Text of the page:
The UK’s only fertiliser manufacturer, GrowHow UK, has updated the way it calculates Nitrogen recommendations for cereals and oilseed rape.
Company Agronomist, Allison Grundy
The GrowHow Nitrogen Calculator (N-Calc) is a practical tool that works out the total Nitrogen requirement of a crop taking into account crop type, anticipated yield, the amount of Nitrogen already in the crop, soil type and how much Nitrogen the crop will obtain from the soil. It has been used by the company in a variety of different formats for 20 years but, with the latest refinements and validation work completed by independent experts from ADAS, N-Calc is more accurate that it has ever been.
“If there is one thing that the high fertiliser prices of 2008 achieved it was to focus farmers’ and their advisers’ minds on nutrient efficiency,” suggests Company Agronomist, Allison Grundy. “Whatever happens in 2009 we must not lose that focus.”
Arguably, determining the amount of Nitrogen fertiliser to apply is the most important decision for any crop. Too much and not only will the risk of lodging increase but the chances of nitrate leaching will rise not to mention the unnecessary input cost incurred. On the other hand too little fertiliser will reduce yields and could impact on quality and marketability and hence profit.
ADAS drew on all the available new data to bring the N-Calc up-to-date. Dr Pete Berry from ADAS High Mowthorpe led the two-year project. “In 2007 we updated the N-Calc for winter wheat and winter OSR. In 2008, we looked at winter and spring barley, oats and triticale. We found that there are only three really key influencers of Nitrogen rates for all these crops. They are the supply of N from the soil (SNS), soil type and potential yield.”
“In practice, because at the time of calculating a recommendation some of the SNS will already have been taken up by the crop, you also need to include in the calculation an estimate of the amount of N currently in the crop,” he adds.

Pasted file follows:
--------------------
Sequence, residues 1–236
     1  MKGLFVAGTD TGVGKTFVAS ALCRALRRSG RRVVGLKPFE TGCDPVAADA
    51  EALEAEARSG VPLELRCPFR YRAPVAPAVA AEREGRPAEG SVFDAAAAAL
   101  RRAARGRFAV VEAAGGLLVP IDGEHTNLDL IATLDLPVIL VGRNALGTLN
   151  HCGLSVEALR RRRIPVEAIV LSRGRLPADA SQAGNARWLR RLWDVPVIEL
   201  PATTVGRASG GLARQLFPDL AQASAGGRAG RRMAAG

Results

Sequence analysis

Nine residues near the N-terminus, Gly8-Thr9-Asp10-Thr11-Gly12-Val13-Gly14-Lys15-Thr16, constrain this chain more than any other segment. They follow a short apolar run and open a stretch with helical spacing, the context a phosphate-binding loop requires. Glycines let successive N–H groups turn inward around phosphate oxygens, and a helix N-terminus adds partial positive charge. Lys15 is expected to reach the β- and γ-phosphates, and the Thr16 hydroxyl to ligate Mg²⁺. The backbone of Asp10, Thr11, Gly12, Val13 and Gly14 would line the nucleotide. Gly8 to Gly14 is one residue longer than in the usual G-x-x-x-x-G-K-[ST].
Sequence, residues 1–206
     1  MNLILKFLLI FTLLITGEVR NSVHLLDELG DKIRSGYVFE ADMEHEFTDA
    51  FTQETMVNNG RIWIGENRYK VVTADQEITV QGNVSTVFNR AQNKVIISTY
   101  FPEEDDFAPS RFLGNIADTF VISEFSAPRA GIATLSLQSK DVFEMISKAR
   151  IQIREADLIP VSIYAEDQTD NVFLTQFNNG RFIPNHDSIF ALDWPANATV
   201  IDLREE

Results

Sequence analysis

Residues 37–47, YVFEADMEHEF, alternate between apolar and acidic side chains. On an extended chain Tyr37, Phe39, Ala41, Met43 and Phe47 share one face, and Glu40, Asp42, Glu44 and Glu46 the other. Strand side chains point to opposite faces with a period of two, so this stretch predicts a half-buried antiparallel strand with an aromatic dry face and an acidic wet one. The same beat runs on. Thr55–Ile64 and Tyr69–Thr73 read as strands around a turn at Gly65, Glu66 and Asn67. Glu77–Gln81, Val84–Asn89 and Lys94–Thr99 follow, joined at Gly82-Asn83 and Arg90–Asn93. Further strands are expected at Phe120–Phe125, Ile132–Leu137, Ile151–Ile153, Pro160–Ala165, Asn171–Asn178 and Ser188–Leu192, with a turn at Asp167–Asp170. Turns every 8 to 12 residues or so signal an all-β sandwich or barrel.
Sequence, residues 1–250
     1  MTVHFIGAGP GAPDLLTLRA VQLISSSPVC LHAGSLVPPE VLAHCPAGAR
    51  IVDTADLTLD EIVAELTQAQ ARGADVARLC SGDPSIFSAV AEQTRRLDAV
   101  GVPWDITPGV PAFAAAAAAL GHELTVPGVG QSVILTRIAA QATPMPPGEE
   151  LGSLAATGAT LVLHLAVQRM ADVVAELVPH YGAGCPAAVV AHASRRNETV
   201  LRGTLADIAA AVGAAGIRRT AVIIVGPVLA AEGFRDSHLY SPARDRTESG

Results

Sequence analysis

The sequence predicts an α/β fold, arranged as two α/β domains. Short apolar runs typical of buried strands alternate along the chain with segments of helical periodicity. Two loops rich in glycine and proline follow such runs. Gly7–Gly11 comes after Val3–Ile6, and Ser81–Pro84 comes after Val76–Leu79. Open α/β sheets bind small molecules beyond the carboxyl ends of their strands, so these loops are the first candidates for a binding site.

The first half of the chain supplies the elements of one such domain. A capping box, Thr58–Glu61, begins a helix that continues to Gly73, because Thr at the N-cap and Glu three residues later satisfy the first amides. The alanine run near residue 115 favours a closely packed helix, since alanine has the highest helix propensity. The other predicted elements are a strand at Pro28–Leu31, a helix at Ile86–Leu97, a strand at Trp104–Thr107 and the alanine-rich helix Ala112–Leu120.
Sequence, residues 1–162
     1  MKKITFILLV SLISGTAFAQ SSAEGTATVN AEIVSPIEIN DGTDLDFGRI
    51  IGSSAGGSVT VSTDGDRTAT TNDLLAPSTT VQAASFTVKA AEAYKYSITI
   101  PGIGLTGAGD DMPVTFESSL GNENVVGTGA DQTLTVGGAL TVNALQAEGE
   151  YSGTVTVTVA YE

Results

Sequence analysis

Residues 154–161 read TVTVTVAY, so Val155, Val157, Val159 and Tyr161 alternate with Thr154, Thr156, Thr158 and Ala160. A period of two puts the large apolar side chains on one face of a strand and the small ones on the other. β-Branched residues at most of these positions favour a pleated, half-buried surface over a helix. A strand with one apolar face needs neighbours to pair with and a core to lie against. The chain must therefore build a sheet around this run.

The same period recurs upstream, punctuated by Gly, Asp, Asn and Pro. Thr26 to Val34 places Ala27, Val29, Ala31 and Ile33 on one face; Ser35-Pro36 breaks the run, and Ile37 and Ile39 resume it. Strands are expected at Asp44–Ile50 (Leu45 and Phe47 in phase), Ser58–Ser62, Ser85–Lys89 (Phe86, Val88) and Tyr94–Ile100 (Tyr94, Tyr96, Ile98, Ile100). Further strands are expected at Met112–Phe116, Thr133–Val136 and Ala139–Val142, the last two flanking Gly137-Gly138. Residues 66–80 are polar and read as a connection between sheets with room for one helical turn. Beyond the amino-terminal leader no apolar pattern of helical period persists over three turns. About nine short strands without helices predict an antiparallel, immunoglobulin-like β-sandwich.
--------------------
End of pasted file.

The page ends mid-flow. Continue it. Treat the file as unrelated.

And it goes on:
Allison Grundy says that one of the key adjustments made following the ADAS work concerns the link between yield and Nitrogen requirement. “The link has evolved with the introduction of newer varieties – in wheat between 15 and 30kg N/ha is now required for every extra tonne of yield. In OSR an additional 30kg N/ha is required for every 0.5t/ha increase in yield. The current RB209 (2000 edition) does not reflect these changes,” she adds.
In addition, whilst the current RB209 recommends an extra 40kg N/ha for milling wheat there is evidence to suggest that 50kg N/ha is now a more appropriate figure. The new N-Calc has been updated with this change as well.
The best and most accurate way of measuring the Nitrogen the crop will recover from the soil is to use the N-Min service. However if farmers have been unable to take an N-Min sample, N-Calc is still a valuable tool. Under such circumstances it will draw on standard availability tables calculated from recent research.
“In RB209 the SNS tables are based on the premise that previous cropping has a significant influence on the amount of Nitrogen that will be available to the following crop but previous cropping actually has much less influence than previously thought. The major influence on Nitrogen availability is organic matter content which makes soil texture a strong indicator of the amount of Additionally Available Nitrogen.
Two further refinements have also been added for the 2009 season.” N-Calc offers guidance on the timing of Nitrogen applications. These timings are based on the size of the crop, the measured SNS and the end market” adds Allison.
“We’ve also added useful information on the effect of the Break Even Ratio (BER) on the economic optimum. The economic optimum varies with the price paid for fertiliser and the price the crop makes when it is sold. The new N-Calc allows this data to be entered and will provide a theoretical N adjustment figure which growers and agronomists can consider when deciding how much N to apply to crops this spring.
GrowHow N-Calc can be accessed through FACTS qualified GrowHow Advisers, Fieldsmen and agronomists. For more information contact the GrowHow Advice Centre on 0151 357 5758.
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